French West Indies
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- The two overseas departments of:
- The two overseas collectivities of:
- The islands forming dependencies of Guadeloupe, namely
Former French West Indian islands
In addition, some of the islands of the present and former British West Indies were once ruled by France. On some of them, a French-based creole language is spoken; specific words and expressions may vary among the islands.
Former French West Indian islands:
- Hispaniola (which includes the Dominican Republic and Haiti)
- The Grenadines
- U.S. Virgin Islands
- Saint Kitts & Nevis
- Saint Lucia
- Saint Vincent
- Tobago (from Trinidad and Tobago)
The term French Caribbean varies in meaning with its usage and frame of reference. This ambiguity makes it very different from the term French West Indies, which specifically refers to the islands that are French overseas departments - which means they have overall the same laws and regulations - but collectivities can be included too. In France French Caribean is lesser used, unless the speaker want to accentuate he's talking about all the French dependencies in this region.
In popular culture, the French Caribbean islands are usually considered to be those belonging to France: Guadeloupe (including surrounding islands: Les Saintes, Marie-Galante and La Désirade), Martinique, Saint Martin, and Saint-Barthélemy.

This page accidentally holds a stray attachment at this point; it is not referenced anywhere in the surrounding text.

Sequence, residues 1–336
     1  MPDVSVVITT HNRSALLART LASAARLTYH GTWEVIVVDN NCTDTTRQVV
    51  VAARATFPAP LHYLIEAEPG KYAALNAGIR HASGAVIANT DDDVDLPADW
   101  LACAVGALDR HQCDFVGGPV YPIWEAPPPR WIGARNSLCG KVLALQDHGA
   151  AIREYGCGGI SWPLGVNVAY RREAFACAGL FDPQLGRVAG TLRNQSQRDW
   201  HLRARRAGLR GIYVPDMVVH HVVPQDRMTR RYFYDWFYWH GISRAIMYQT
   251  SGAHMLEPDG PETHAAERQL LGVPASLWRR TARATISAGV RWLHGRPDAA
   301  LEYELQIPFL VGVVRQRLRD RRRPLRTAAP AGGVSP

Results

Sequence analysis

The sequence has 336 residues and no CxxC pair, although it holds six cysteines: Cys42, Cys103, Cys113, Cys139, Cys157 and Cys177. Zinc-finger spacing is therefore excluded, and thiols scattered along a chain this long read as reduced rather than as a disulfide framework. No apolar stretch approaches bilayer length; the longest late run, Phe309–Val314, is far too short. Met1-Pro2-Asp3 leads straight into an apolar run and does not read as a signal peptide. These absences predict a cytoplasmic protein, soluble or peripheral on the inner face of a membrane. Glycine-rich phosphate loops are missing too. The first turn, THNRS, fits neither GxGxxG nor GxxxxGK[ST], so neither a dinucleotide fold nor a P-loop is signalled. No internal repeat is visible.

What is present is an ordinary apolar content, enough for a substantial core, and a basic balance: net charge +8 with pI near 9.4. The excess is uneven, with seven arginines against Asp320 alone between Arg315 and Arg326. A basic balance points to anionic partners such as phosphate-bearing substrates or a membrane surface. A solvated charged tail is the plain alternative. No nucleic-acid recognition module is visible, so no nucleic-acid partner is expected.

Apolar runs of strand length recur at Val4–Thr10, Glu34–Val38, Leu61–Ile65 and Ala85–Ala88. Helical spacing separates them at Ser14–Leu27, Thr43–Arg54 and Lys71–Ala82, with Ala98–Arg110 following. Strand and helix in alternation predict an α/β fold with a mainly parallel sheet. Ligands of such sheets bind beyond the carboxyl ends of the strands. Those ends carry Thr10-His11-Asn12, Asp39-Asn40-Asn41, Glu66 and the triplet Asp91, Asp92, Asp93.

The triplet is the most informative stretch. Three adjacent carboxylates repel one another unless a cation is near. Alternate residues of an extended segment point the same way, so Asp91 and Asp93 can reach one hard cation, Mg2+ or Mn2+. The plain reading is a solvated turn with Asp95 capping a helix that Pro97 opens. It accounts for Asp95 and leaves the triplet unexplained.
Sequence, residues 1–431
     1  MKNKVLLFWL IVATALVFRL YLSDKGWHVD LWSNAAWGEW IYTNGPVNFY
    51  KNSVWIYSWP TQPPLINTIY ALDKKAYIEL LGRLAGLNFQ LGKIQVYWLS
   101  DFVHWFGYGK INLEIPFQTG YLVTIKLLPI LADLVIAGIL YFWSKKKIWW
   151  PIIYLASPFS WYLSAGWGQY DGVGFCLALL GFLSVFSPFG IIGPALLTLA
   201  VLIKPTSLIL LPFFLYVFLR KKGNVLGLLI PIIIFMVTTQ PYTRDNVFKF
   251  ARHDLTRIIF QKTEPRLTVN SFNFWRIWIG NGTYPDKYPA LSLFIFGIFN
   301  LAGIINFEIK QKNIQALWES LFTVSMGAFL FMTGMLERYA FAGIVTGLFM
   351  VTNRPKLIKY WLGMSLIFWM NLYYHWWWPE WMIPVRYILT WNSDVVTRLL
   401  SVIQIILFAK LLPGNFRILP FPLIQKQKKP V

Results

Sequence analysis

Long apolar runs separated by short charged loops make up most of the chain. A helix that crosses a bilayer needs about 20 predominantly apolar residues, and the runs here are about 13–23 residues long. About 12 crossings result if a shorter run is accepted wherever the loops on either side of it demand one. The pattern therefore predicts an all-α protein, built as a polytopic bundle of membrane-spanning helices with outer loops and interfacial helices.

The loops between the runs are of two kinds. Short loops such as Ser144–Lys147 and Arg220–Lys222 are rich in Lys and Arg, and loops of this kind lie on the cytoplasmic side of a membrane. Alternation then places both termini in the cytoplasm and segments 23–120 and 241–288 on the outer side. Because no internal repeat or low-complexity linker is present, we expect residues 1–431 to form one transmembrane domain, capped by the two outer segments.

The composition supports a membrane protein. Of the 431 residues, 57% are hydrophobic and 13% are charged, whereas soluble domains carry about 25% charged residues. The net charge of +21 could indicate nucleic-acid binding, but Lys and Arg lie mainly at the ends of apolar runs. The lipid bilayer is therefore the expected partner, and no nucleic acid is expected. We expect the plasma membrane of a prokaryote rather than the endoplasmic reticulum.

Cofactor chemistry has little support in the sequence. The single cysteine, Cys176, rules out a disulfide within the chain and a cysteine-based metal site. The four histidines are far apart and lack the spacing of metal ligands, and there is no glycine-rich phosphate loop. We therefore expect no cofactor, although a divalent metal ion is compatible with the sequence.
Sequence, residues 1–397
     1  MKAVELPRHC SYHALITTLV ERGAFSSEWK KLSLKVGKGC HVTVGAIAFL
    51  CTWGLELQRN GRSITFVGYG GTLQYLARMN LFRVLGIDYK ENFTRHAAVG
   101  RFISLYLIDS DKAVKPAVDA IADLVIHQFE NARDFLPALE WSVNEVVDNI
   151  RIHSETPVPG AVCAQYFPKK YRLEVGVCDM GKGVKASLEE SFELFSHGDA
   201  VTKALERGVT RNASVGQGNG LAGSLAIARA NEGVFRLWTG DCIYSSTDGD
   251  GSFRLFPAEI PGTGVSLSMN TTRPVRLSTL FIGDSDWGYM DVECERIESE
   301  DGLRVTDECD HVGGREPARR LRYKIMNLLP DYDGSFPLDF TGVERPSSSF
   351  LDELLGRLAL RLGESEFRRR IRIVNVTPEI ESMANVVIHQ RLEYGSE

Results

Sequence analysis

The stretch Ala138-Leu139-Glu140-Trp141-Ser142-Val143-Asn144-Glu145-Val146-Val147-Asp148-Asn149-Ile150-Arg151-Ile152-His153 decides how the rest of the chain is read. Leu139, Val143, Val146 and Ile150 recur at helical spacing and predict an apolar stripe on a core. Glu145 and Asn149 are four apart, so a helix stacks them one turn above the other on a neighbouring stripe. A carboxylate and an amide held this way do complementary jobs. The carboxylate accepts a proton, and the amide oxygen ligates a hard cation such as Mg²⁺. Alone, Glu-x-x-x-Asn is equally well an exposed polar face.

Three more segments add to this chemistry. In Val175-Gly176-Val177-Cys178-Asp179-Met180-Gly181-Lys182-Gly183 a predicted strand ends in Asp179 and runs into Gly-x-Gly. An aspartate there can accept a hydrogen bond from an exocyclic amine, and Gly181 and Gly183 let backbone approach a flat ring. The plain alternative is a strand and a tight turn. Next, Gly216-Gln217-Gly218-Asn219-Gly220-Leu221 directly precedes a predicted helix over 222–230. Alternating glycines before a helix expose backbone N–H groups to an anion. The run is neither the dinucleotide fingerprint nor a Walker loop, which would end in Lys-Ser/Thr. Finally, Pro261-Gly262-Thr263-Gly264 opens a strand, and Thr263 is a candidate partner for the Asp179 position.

The two official French overseas departments are Guadeloupe and Martinique. St Martin and St Barthélemy, formerly attached to the department of Guadeloupe, have held separate status as overseas collectivities since 2007. These Caribbean Départments et Collectivités d’Outre Mer are also known as the French West Indies. The term "French Caribbean" can also refer to any area that exhibits a combination of French and Caribbean cultural influences in cuisine, style, architecture, and so on. While Dominica and Saint Lucia are officially English-speaking only, French Creole languages are widely spoken by the islands' populations.
When used as an adjective, as in “French Caribbean islands” or "French Caribbean style," the term is also ambiguous and dependent upon the user's frame of reference and context.
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